By BONNIE OWEN
The San Diego Drawing Guild i(SDDG) s a group of artists, graphite and colored pencil, who meet weekly in the Foothills Art Gallery, La Mesa, California. The group is unstructured, with no officers, and gathers for four hours each week to draw and enjoy the companionship of fellow artists.
Members of the group, which has been meeting for over three years, offer each other support, encouragement and loving critique and have become good friends. Almost all the members work in colored pencil (as well as other mediums) and are members of the Colored Pencil Society of America (CPSA). Four members — Connie Grace, Carolyn Kenny, Rhonda Anderson and Aida Masliah — have been accepted in CPSA’s prestigious international show. Members are also active in the Foothills gallery and have been featured as “Artist of the Month.”
When the pandemic required quarantine and the gallery closed, group members missed each other and the camaraderie they shared. They started meeting once a week on Zoom but the free 40 minute sessions just weren’t enough togetherness so they purchased a business account, costing each of member $2 per week. In this way, they were able to continue their friendship and encourage artistic progress even as everyone coped with the reality of the pandemic. In the Zoom meetings, they continued to share their lives, their art, their frustrations and their joys.
SDDG is a diverse group of artists. Connie Grace and Sharon Meng do primarily portraits. Rhonda Anderson does portraits, flowers and other subjects as does Lois Adler-Roussell. Judy Sawyer, Carolyn Kenney and Terri Csori do landscapes and animals. Aida Masliah draws conceptual art while Gary Dyak’s work features birds and flowers with abstracts and geometrics. Eddie Stewart draws historical figures in graphite and Nancy Dobbs does still-lifes.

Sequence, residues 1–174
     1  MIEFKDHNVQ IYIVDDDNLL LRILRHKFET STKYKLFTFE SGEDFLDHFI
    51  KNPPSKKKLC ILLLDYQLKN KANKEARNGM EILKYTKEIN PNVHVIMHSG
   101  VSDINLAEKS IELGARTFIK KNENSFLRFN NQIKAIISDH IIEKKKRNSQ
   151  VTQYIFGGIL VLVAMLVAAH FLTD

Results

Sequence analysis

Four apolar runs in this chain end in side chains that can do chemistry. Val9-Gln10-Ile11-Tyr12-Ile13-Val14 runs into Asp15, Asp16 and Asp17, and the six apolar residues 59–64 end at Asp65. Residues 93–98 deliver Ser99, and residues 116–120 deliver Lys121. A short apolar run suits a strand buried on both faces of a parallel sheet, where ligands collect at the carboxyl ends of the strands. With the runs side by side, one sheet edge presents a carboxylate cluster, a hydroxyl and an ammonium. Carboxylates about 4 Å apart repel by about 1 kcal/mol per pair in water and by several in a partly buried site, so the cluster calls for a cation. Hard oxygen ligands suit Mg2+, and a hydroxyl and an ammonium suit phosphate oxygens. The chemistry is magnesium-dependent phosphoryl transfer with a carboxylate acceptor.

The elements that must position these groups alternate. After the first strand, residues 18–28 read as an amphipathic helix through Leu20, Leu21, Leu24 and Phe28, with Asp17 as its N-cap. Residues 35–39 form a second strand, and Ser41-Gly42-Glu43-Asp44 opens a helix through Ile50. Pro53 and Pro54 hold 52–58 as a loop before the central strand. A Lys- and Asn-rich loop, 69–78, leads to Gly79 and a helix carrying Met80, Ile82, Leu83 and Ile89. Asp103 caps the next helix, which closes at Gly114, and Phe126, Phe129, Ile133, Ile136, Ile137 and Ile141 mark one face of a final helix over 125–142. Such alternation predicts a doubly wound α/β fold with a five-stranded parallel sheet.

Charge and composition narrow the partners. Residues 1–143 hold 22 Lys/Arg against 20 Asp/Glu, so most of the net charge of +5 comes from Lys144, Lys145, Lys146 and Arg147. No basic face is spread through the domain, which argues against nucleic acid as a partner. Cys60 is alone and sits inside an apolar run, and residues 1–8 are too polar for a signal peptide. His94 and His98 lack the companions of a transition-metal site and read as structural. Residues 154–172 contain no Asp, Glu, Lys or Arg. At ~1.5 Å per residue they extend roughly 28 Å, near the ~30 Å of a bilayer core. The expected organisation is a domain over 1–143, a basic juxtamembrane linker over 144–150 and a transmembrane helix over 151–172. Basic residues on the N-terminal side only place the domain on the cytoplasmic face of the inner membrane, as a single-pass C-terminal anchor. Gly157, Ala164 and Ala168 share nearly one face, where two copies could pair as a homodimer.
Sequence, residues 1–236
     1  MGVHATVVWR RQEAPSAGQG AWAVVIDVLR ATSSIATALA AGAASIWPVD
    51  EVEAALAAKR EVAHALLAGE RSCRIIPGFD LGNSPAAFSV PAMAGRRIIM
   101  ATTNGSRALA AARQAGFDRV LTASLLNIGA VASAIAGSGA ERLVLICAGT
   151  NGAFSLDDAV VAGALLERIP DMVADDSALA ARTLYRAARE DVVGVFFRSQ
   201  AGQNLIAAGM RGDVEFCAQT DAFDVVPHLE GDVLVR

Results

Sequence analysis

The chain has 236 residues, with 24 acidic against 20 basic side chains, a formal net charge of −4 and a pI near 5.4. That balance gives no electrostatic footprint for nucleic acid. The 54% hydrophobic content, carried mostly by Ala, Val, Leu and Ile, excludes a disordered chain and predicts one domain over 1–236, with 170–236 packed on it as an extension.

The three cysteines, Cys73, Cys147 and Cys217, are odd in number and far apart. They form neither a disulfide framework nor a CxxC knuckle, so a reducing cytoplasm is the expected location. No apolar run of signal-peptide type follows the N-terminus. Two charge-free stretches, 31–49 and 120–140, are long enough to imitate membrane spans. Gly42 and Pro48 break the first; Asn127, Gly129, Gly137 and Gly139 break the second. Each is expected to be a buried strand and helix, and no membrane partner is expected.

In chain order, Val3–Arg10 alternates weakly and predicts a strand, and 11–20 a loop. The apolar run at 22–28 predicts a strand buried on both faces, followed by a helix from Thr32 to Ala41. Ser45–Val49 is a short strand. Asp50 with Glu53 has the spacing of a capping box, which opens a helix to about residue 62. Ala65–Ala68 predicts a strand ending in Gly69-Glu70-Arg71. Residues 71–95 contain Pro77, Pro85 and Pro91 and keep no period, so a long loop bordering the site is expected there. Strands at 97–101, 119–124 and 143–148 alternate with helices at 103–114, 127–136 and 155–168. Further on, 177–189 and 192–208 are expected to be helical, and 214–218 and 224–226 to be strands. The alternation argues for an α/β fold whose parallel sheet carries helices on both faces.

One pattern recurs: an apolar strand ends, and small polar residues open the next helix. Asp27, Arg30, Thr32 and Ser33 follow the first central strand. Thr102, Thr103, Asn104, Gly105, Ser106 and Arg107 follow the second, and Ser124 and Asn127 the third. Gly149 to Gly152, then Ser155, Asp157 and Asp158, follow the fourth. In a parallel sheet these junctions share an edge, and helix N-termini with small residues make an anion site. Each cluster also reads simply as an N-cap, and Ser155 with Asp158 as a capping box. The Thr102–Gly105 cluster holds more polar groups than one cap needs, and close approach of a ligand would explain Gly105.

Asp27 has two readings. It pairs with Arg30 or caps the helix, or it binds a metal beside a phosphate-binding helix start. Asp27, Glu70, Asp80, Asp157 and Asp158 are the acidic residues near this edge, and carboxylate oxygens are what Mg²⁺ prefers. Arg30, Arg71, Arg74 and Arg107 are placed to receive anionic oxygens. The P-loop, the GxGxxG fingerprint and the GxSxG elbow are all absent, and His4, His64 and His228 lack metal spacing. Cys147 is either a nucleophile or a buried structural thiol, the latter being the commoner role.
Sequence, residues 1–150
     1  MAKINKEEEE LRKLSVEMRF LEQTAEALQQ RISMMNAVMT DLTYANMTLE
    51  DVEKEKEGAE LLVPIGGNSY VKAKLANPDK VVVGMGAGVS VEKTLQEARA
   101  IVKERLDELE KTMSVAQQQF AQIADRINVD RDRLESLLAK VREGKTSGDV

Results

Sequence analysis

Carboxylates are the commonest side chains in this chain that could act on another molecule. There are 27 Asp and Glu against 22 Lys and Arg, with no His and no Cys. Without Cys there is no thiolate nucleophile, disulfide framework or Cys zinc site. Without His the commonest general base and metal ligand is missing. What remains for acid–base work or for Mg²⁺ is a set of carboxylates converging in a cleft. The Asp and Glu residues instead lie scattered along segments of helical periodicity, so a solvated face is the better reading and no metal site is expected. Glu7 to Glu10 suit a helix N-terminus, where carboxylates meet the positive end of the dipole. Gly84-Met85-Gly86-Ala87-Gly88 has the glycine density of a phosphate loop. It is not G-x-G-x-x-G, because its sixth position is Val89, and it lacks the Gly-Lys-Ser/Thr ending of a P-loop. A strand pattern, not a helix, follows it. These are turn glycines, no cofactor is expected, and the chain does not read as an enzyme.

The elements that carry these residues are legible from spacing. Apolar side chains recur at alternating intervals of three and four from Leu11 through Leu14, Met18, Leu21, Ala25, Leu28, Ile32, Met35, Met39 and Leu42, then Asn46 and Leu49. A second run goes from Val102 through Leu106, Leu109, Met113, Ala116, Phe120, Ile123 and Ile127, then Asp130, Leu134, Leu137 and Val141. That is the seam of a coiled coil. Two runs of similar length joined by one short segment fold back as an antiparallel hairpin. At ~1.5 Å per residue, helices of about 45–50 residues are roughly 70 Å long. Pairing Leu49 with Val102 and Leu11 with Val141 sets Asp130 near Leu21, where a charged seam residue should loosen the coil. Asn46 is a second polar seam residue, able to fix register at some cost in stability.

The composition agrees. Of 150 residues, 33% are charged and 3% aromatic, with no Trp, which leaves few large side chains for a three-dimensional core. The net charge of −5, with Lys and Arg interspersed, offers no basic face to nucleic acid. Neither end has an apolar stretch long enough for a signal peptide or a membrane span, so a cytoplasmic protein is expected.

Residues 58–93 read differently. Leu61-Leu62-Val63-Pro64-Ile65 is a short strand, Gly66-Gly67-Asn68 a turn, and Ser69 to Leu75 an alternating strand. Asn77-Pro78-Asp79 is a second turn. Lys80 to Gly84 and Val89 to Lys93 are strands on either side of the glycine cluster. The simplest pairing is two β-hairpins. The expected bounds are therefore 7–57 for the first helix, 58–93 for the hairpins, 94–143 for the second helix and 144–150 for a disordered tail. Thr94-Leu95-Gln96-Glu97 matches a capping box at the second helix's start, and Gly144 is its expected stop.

During one of the Zoom meetings, Eddie was sitting in his kitchen with beautiful lighting and Connie suggested that the group should all draw his portrait. A screenshot was taken and distributed to all members. From there, it was an easy leap to deciding that each member should pick a reference photo of a subject that they were comfortable drawing and everyone else would have to attempt it. For many, this was an artistic stretch as some artists might never have attempted a portrait or a landscape. The project lasted for several weeks and produced some wonderful results. Among the subjects drawn were a mountain landscape, an abstract succulent, a depiction of how the corona virus was affecting the world, a drawing of the concept of togetherness and a kitten in a pirate hat.
— Bonnie Owen is editor of Footnotes, the monthly newsletter of the Foothills Art Association.